Self-Discipline Is Essential
Mastering self-discipline is absolutely necessary to living life as a freelancer. And it’s a twofold problem.
First of all, you need to make sure you have the drive and discipline necessary to get up in the morning and put in a solid workday, otherwise, you may find that your freelancer job isn’t paying the bills.
On the other hand, though, you need to make sure that you don’t let your work consume your whole life.
Everyone has days where they don’t feel like working, including freelancers. Without a boss standing over your shoulder or other employees relying on you to do your part, it can be hard to find the motivation to do what you need to do on a rainy Monday morning.
If you’re someone who has trouble motivating yourself, freelancing might not be for you.
If you are a very self-driven person and you decide to go into freelancing, you need to be careful not to let your work become your entire life.
Work-life balance is important no matter what job you have. Sometimes, I’ll look back on a week and realize that I’ve done nothing but sit on my computer and write. And then I wonder why I feel stressed out!
If you want to be a freelancer, you need to schedule times when you’re going to work and times when you’re going to close the laptop and forget about work entirely. Get up in the morning and focus on work for a few hours, but make sure that you’re also making time to hang out with friends, talk to your family, exercise, or whatever it is that makes you happiest.
Income Uncertainty Is Real
When you’re a freelancer, the amount of money you make is directly tied to the amount of work you can find. And, no matter what kind of freelance work you’re doing, there are always going to be times when it’s harder to find work than others.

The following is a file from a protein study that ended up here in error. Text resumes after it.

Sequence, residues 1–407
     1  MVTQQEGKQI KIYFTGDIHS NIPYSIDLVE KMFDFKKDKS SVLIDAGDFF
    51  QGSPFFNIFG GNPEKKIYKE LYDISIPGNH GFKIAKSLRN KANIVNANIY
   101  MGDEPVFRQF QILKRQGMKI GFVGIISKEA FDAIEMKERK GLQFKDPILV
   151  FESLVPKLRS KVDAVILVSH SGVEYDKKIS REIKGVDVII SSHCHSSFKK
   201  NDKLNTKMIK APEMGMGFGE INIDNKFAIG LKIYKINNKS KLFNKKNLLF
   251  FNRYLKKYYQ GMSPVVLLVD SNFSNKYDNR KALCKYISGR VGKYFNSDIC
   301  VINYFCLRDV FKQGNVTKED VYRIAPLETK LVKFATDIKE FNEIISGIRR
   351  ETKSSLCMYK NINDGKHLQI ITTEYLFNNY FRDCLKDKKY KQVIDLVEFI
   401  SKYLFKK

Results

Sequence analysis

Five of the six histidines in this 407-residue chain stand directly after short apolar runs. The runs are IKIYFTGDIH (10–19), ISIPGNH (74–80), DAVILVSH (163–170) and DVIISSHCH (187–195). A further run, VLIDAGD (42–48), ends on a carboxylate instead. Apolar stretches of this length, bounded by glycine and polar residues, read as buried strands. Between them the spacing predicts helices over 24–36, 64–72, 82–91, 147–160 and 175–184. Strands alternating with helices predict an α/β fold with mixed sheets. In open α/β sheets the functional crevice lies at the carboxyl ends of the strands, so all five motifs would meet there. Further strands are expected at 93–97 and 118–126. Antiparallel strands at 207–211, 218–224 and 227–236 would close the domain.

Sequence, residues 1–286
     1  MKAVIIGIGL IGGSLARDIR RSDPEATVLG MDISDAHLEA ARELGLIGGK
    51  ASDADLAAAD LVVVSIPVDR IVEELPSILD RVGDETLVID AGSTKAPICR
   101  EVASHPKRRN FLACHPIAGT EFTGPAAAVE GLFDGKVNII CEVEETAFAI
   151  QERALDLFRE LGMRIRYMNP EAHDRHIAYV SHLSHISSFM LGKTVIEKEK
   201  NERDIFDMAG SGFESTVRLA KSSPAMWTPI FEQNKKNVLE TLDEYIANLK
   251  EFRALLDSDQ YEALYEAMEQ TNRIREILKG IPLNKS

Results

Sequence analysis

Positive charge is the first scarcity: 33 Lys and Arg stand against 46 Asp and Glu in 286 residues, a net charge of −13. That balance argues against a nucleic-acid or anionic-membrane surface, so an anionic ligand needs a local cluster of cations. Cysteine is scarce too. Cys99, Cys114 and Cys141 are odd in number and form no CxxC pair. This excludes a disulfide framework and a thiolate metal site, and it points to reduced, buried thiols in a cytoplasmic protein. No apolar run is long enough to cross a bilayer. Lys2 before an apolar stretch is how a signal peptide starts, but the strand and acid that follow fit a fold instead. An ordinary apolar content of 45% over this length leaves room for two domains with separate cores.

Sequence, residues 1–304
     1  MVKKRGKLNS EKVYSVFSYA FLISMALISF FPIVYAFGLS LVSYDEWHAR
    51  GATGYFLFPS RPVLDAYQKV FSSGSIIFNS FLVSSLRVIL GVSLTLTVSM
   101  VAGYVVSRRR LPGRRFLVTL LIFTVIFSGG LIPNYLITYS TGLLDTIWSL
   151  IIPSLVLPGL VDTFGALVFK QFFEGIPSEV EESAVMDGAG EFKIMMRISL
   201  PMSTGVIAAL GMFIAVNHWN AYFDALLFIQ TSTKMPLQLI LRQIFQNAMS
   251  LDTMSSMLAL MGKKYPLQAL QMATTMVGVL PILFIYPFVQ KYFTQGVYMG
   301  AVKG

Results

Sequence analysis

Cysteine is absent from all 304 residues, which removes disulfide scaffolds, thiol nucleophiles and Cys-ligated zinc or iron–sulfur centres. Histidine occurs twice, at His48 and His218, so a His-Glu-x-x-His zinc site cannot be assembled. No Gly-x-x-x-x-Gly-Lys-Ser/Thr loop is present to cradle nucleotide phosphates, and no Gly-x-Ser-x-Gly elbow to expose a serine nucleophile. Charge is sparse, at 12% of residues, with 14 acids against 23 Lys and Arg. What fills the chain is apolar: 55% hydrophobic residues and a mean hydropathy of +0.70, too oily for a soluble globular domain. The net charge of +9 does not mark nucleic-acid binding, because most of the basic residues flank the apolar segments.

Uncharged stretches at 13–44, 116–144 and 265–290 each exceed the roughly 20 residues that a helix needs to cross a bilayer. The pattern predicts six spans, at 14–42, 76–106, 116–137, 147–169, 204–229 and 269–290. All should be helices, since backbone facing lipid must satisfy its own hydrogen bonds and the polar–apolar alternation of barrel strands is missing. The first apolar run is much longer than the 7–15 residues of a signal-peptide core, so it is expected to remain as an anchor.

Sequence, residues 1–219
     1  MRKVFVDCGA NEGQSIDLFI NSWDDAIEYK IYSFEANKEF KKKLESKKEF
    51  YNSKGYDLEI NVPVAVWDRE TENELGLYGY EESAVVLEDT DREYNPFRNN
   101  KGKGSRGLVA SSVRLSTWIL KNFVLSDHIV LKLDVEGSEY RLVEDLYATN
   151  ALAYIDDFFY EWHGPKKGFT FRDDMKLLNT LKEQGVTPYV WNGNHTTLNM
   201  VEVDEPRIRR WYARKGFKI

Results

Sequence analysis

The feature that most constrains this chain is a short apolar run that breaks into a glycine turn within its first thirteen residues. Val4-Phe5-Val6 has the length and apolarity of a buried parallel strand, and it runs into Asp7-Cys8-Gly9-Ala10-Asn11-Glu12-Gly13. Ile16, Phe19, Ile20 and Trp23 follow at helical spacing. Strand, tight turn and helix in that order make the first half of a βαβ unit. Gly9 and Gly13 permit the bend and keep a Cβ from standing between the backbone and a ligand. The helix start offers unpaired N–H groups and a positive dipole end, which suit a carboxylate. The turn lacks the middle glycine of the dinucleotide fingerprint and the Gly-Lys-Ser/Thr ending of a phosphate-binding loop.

Being ready to weather income uncertainty is essential to living a comfortable life as a freelancer.
Especially when you’re first starting out and have yet to develop relationships with past clients, there will probably be weeks when it seems like there aren’t any gigs out there for you. And that means that the money won’t be coming in.
Other weeks, you may find that you have more gigs than you even know how to handle and the money will start pouring in.
As a freelancer, you need to learn to save your money for those times when your income is low. You should always have a reserve of cash that you can use to feed yourself and pay your bills when times get tough.
Maybe a client doesn’t pay you. Maybe you were expecting a high-paying gig, but the employer canceled on you at the last minute. Whatever it is, be ready to weather some income uncertainty by building up some savings and living frugally.
You Need to Learn About Taxes, Fast
When I first started freelancing, I didn’t know a thing about taxes. I went to four years of university and got a Bachelor’s degree in accounting, but nobody ever taught me a single thing about filing taxes as an independent contractor.